The Army allowed me to provide food and clothing to my growing family. My family never had to worry about healthcare because that was part of the many benefits we were given for serving. I was in Germany on 9/11. As we scrambled after hearing the news, suddenly, I realized the commitment that we made to our nation. The oath that I had taken for granted now became a reality to myself and my family. In the early days of the “War on Terror,” German locals brought us food. These kind people offered sympathy for the many American deaths that occurred on US soil and defended our homes as we prepared to deploy to Iraq. I saw a different side of humanity in the early days. I understood that what we were doing was bigger than my platoon of soldiers.
When I deployed, I felt prepared and ready. I just wanted to bring back the platoon of soldiers that deployed with me and many others.
As a soldier who has deployed four times to Iraq, I always felt that the American people were behind us and supported our mission.
Reflecting on my service, I can attest to the strength of American soldiers, the leadership provided by our Division Command team, and our ability to show compassion in the midst of the ugliness we saw ourselves. I should also add that my children learned how important service is to our nation. My service became a source of pride for my kids and my family. My many deployments were, for the most part, positive, and I am very proud to have been given the opportunity to serve in combat.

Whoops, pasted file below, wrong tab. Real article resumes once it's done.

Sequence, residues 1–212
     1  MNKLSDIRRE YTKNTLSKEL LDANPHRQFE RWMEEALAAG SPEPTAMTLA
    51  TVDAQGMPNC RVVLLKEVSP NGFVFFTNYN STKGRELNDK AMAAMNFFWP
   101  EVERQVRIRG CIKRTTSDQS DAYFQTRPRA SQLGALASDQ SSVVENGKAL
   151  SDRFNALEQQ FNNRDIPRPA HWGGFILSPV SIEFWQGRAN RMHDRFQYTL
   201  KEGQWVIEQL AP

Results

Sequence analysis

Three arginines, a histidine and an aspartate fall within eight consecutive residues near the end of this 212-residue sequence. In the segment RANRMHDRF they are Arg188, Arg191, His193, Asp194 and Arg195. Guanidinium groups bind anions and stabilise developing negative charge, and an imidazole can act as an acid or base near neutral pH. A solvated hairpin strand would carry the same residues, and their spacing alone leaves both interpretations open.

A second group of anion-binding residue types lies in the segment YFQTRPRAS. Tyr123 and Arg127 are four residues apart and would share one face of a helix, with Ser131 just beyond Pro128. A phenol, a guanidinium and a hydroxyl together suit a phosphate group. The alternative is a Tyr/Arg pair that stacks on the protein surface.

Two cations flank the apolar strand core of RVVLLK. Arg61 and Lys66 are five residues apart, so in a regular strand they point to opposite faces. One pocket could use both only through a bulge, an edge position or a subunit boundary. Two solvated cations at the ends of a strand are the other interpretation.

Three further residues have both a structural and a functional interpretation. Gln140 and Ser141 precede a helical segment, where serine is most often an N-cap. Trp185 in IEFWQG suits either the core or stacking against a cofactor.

Brad Feick, Senior Hardware Director
My military journey took me from Basic on Ft. Sill to E&E Training on Warner Robins to joint exercises at Camp Geiger.
The US serviceperson is taught to think for themselves, figure it out, adapt, and overcome. Build teams, make the best of the available resources, and make a plan work. I think the average citizen underestimates the implicit and explicit lessons service teaches.
Mike Van Rassen, President, Military and Government Markets
After spending 20 years in uniform and nearly another 20 years supporting the military, Veterans Day is special to me. While Memorial Day honors those who lost their lives during service to our great country, Veterans Day is a day to celebrate all who have served and really is a celebration of America.
Wearing a uniform is one of the few places in our society where people from all walks of life are thrown together and taught how to be a cohesive element.
My time in service is filled with a complete range of emotions—pain, joy, sorrow, and an incredible amount of laughter. Where else could you be sitting in the back of 2½ ton truck after a training parachute jump at 0400 hours, waiting to get driven back to turn in your weapon—after you’ve been up for 24 hours, and you’re listening to a farm boy from Wisconsin, a kid from the project of East St. Louis, a kid from the Bronx, and a kid from Puerto Rico argue about sports? I forget the sport and the names of the soldiers, but I remember the laughter.
Happy Veterans Day from all of us at Rajant. And a very special Happy Veterans Day to our veterans at Rajant, who risked everything to uphold their sense of duty while serving our country.